Efficacy of short-duration (twice weekly) intralesional sodium stibogluconate in treatment of cutaneous Leishmaniasis in India.Br J Dermatol. 2010 Oct; 163(4):854-8.BJ
Cutaneous leishmaniasis (CL) is caused by Leishmania major and L. tropica in the old world. Bikaner, the 'Thar Desert', situated in the north-western corner of India, is an endemic pocket for CL caused by L. tropica. Skin lesions of CL heal slowly, causing disfiguring scars if remaining untreated. Current recommended treatment for CL comprises systemic administration of sodium stibogluconate (SSG) for 2-3 weeks. Five to seven injections of SSG intralesionally have also been found to be effective.
To determine the efficacy of a short-duration, twice-weekly intralesional SSG treatment for CL.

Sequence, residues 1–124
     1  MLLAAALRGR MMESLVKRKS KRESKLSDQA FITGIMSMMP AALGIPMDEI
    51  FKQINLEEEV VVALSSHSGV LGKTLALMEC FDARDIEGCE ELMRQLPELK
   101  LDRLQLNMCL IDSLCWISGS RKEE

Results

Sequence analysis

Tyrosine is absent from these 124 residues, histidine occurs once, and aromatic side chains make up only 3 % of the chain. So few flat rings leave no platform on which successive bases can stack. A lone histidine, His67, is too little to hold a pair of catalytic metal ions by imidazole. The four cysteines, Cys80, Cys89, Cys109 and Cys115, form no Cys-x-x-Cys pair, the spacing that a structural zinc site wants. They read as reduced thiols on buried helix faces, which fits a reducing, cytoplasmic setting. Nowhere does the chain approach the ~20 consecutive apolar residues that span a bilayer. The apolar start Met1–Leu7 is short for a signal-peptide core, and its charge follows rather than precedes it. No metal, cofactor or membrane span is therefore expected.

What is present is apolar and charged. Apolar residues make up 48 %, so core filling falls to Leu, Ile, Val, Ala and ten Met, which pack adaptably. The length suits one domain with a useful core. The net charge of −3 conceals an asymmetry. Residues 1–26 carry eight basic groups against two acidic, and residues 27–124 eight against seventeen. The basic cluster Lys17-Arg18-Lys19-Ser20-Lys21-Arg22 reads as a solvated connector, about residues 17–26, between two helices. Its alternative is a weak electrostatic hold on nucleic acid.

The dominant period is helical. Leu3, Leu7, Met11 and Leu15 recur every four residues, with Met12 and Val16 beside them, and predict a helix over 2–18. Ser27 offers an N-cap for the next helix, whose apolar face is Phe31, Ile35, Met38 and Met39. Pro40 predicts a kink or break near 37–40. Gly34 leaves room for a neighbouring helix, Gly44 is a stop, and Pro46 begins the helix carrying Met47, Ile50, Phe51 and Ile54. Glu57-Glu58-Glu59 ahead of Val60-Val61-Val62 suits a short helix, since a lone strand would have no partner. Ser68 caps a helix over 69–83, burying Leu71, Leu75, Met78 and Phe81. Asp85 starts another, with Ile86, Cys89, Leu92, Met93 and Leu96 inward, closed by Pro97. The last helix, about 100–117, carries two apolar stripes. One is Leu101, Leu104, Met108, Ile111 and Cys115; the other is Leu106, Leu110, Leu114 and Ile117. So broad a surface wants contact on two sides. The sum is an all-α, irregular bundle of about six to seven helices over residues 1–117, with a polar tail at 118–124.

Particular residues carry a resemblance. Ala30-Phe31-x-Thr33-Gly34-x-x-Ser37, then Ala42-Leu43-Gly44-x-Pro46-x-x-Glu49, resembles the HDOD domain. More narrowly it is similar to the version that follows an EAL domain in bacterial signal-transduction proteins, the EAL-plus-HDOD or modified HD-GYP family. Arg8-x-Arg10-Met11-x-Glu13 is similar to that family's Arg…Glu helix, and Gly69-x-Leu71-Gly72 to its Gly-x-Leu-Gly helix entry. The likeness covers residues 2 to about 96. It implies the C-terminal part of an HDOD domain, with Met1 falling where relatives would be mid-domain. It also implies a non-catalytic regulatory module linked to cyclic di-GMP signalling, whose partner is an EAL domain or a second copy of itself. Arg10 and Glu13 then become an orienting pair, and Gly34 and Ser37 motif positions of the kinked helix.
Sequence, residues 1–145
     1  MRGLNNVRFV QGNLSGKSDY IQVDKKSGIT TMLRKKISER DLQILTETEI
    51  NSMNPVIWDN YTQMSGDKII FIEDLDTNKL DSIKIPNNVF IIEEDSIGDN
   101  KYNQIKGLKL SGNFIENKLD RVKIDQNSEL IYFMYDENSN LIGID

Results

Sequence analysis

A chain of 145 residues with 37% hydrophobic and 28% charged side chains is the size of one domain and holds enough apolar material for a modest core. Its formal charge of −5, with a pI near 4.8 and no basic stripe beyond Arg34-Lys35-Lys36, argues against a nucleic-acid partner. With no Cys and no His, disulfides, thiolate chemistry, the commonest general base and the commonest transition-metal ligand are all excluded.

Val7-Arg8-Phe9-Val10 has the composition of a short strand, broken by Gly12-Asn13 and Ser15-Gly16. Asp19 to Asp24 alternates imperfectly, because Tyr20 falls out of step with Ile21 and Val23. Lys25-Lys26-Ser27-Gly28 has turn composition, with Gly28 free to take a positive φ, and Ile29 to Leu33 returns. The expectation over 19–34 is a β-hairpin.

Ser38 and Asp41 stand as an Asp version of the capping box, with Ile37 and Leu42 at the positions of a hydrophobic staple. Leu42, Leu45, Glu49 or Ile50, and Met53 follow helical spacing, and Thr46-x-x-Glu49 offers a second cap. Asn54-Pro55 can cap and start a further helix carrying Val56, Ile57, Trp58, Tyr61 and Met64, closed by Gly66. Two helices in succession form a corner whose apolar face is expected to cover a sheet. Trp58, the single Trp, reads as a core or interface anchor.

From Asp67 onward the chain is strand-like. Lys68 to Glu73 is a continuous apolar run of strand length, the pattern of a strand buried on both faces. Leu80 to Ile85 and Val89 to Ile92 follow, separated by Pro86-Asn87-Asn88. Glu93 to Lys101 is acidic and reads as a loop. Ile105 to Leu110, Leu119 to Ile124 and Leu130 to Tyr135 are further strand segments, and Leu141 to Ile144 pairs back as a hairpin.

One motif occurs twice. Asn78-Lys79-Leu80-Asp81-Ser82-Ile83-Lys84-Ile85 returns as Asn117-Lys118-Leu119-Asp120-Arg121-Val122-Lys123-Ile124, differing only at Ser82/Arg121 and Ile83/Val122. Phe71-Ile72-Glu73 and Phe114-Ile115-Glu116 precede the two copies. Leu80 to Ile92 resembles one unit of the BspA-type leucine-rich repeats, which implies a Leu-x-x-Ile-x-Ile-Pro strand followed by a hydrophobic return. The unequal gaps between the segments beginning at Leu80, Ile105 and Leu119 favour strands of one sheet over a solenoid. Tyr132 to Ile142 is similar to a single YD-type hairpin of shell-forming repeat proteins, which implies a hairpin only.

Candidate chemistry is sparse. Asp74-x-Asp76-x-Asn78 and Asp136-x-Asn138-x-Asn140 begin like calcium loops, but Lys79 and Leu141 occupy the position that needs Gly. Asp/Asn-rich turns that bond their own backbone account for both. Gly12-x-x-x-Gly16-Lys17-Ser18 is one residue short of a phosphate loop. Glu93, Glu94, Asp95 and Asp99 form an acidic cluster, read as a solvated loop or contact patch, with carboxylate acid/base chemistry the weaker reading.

Two hundred and twenty patients with CL having 298 lesions were included in the present study. They were divided into groups A and B (110 patients each). Patients were treated with five to seven intralesional injections of SSG in doses of 50 mg cm(-2) of lesion either once (group A) or twice (group B) weekly. Improvement was recorded at 6, 8, 10, 12, 16, 20 and 24 weeks and the rate of complete cure was compared.
Complete cure rate at 6, 8 and 10 weeks was higher (20%, 57% and 73%, respectively) in group B as compared with group A (12%, 36% and 62%, respectively). The differences in cure rates at these time points were statistically significant (P < 0.05). The complete cure rate at 24 weeks was similar in both groups (96% in group B and 92% in group A). The remaining 4% and 8% of patients in groups B and A were 'nonresponders', respectively. No major side-effects were observed in either group. In all cured cases, there were no relapses reported up to 2 years after treatment.
A short-duration, twice-weekly intralesional SSG treatment for CL accelerates cure and is highly effective and well tolerated.